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J Comp Pathol. 2005 Jul;133(1):1-13.

Histopathological studies of experimental lyme disease in the dog.

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Department of Biomedical Sciences, College of Veterinary Medicine, Cornell University, Ithaca, NY 14853-6401, USA.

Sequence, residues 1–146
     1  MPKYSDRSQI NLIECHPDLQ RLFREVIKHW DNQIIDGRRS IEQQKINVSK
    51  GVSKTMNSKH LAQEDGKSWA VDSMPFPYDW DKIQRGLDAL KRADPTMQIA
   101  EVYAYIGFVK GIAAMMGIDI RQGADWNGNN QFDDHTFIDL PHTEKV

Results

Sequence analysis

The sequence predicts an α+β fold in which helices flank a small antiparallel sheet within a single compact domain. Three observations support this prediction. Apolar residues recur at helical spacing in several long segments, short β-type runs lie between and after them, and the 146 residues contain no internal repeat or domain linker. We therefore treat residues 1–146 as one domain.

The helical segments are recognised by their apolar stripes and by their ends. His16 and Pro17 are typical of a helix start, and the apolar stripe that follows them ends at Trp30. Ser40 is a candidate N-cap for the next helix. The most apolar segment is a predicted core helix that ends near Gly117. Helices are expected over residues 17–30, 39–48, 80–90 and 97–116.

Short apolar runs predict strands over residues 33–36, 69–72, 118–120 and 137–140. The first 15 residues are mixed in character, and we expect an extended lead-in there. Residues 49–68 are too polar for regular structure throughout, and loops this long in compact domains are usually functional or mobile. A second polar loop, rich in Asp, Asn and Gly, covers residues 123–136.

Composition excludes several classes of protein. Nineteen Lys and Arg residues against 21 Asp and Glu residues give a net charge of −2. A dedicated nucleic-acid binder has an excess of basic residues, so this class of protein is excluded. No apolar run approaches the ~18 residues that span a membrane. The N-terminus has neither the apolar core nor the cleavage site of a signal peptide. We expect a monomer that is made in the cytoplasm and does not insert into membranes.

Experimental borrelia infection was induced in 62 specific--pathogen-free beagle dogs by exposure to Ixodes scapularis ticks harbouring the spirochaete Borrelia burgdorferi. Clinical signs of Lyme disease occurred in 39/62 dogs, the remaining 23 being subclinically infected. Clinical signs consisted of one to six episodes of transitory lameness with joint swelling and pain, most commonly affecting the elbow or shoulder joints. The polymerase chain reaction and culture demonstrated that the dogs remained infected for up to 581 days. At necropsy, gross findings consisted of lymphadenopathy in the area of tick attachment. Microscopical changes consisted of effusive fibrinosuppurative inflammation or nonsuppurative inflammation, or both, affecting synovial membranes, joint capsules and associated tendon sheaths. Plasma cells dominated areas of chronic inflammation, with CD3(+) T cells being present in lesser numbers. Microscopical signs of arthritis were polyarticular and more widespread than indicated by clinical signs, and most of the subclinically affected animals also had synovitis. In areas of tick attachment to the skin, hyperkeratosis and a mixture of suppurative and nonsuppurative dermatitis were encountered. Lymphadenopathy in superficial lymph nodes resulted from follicular and parafollicular hyperplasia. In 14/62 dogs, lymphoplasmacytic periarteritis and perineuritis were noted, resembling lesions found in human Lyme disease and syphilis, in which an underlying microangiopathy has been proposed.

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